So about those reenlistment overpayments …
This week lawmakers from both sides of the aisle called for the Pentagon to suspend efforts to reclaim reenlistment bonuses. How's this relate to legislation currently pending in Congress? Keep reading!
Lawmakers on both sides of the aisle called for Pentagon to suspend efforts to reclaim overpayments,
This week you heard a lot about unauthorized reenlistment bonuses in the news, and lawmakers had plenty to say about it. In fact, two lawmakers already announced plans to introduce related legislation.
So what exactly happened?
Thousands of National Guard members were enticed to re-enlist after receiving large bonuses of $15,000 or more. Several years later, a federal investigation revealed overpayments by the California National Guard, so the Pentagon ordered soldiers to repay the bonuses — often with interest charges, wage garnishments, and tax liens.
How long has this been going on?
In some cases, over a decade.
How did lawmakers respond?
Lawmakers on both sides of the aisle urged the Defense Department to suspend collection of the bonuses. In fact, there was agreement across branches of government as President Obama said the Defense Department should not “nickel and dime” service members.
So what now?
House Majority Leader Kevin McCarthy called for a long-term legislative solution to ensure this type of situation does not happen again, echoed by Speaker Ryan who said Congress will work “to protect service members from lifelong liability for DOD’s mistakes.” Sens. Dianne Feinstein [D, CA] and Barbara Boxer [D, CA] announced they will introduce legislation to allow service members to keep their reenlistment bonuses. Meanwhile, the House Committee on Oversight and Government Reform launched an investigation, requesting relevant documents.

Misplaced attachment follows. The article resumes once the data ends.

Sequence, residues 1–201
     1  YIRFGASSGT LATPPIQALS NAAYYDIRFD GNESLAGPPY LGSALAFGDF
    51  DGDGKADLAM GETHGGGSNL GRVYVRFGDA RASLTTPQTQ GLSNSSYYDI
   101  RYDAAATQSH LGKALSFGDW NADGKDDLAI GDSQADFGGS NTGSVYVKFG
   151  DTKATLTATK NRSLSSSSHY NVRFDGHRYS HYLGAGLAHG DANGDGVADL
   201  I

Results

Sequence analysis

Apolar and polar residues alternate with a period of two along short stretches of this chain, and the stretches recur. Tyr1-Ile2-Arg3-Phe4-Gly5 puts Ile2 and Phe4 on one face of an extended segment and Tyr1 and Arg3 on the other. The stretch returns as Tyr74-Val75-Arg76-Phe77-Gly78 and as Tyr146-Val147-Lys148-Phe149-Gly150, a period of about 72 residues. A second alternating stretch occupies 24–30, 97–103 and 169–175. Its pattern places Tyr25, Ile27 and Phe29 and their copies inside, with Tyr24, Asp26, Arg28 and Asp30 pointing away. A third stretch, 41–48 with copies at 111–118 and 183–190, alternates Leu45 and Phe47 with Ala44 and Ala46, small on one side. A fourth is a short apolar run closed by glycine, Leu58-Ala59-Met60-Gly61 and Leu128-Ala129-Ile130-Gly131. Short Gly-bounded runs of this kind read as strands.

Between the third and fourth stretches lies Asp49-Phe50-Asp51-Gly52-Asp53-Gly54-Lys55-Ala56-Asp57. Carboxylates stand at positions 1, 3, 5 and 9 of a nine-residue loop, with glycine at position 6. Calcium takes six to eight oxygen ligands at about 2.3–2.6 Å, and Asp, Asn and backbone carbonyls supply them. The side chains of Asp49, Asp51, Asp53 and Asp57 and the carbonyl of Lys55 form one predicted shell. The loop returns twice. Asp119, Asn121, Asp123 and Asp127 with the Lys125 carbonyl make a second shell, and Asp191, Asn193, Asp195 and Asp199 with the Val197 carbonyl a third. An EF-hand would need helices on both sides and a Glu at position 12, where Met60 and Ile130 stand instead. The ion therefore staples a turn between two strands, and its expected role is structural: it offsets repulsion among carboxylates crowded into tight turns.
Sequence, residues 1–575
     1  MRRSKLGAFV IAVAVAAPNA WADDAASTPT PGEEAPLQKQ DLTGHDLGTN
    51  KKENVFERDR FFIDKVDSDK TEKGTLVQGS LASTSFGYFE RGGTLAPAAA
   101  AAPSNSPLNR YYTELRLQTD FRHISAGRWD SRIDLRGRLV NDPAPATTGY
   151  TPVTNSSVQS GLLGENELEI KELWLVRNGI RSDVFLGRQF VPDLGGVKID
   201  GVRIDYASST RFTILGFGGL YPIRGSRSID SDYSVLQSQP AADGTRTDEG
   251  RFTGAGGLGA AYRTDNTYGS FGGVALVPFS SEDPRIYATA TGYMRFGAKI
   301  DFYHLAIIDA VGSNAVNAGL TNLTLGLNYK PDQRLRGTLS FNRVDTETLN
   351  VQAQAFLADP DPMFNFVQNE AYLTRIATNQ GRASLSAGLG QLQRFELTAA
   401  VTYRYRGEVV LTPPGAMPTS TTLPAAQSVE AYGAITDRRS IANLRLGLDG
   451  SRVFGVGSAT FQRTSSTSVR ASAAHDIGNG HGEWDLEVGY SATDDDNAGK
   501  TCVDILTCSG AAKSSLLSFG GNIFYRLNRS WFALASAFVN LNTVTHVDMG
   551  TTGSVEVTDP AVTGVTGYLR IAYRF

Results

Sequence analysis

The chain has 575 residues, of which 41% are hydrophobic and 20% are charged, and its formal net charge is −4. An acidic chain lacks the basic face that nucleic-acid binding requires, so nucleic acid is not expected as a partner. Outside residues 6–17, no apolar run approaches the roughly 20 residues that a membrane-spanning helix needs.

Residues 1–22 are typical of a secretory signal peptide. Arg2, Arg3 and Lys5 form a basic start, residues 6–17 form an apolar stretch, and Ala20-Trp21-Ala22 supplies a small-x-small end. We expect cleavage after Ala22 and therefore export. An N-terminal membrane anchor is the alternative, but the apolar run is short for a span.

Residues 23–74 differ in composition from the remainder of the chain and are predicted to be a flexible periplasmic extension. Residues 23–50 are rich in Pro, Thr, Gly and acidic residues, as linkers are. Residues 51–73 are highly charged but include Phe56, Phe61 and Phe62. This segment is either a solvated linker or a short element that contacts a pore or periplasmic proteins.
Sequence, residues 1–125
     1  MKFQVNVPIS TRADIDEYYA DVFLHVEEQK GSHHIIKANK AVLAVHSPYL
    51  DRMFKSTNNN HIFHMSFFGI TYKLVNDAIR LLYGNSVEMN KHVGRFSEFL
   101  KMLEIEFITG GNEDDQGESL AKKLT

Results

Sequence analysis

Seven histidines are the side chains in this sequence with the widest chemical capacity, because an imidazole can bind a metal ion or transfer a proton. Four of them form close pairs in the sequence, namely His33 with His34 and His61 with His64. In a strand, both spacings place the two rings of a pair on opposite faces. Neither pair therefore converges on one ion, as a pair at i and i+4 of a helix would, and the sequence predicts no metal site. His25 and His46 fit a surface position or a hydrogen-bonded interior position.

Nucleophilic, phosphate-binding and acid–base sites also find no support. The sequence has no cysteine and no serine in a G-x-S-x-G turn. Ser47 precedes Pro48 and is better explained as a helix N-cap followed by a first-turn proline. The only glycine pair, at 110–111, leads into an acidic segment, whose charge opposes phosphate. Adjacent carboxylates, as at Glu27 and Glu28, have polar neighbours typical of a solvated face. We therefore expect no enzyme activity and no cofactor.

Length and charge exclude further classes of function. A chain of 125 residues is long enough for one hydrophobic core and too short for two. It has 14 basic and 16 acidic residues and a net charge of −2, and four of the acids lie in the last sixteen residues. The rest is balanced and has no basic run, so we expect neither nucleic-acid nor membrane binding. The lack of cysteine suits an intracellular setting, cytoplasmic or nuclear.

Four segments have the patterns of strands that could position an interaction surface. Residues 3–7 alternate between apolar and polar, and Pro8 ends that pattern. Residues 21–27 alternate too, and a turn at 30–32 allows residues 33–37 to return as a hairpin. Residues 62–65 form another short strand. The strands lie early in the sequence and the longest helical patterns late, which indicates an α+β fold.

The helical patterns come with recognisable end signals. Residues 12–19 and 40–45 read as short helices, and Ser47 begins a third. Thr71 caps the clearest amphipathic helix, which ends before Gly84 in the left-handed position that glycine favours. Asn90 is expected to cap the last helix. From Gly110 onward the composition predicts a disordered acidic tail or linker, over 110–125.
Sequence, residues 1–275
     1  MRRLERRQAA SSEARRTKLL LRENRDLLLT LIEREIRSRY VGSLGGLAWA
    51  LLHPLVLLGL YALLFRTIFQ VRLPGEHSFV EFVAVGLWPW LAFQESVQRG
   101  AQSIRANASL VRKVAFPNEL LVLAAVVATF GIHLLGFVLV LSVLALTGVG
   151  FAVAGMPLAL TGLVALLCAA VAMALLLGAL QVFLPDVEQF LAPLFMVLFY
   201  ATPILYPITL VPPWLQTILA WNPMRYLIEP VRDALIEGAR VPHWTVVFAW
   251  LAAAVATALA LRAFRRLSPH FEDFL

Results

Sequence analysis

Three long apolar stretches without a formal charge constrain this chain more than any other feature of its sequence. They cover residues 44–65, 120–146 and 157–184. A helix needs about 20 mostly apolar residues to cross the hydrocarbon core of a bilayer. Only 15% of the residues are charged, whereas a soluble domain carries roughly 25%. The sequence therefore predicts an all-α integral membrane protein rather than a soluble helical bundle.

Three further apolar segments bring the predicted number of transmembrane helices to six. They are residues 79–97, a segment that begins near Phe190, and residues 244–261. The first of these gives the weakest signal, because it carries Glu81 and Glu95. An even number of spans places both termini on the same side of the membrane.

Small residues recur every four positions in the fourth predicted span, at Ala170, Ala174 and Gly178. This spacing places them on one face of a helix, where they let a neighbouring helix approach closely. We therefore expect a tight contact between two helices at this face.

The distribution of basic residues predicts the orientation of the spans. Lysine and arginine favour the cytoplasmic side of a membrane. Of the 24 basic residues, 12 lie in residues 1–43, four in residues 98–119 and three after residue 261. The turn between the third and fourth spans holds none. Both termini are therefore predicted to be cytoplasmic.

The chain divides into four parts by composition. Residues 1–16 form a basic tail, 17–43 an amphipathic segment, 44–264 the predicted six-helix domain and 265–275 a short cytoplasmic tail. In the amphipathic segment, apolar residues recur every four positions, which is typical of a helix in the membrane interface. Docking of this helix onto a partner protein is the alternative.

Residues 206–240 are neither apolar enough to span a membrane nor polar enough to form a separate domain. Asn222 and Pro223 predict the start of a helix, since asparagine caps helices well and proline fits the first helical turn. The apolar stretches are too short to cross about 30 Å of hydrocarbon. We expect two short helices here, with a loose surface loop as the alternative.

Does this have anything to do with the annual defense authorization?
Glad you asked! You may have heard about that because of a dispute with the 2015 authorization. Reps. Paul Cook [R,CA-8] and Jeff Denham [R, CA-10] pushed for a debt waiver amendment but abandoned the effort after being told the Pentagon already had the power to waive debts. Guard officials said they were told the measure was not included because it would require cuts elsewhere in the defense budget.
What's it got to do with this year's defense authorization?
Well the House-passed NDAA includes a provision that would would establish a 10-year statute of limitations on the military's ability to recover overpayments.
When lawmakers return next month, they’ll work to reconcile differences between the House and Senate versions. Learn more about both versions and use POPVOX to tell your lawmakers what you think!
A bipartisan group of senators released draft legislation to reform Medicare. The legislation, known as the Chronic Care Act, targets chronic conditions such as heart disease and diabetes, with the objective of coordinating treatments to improve efficiency.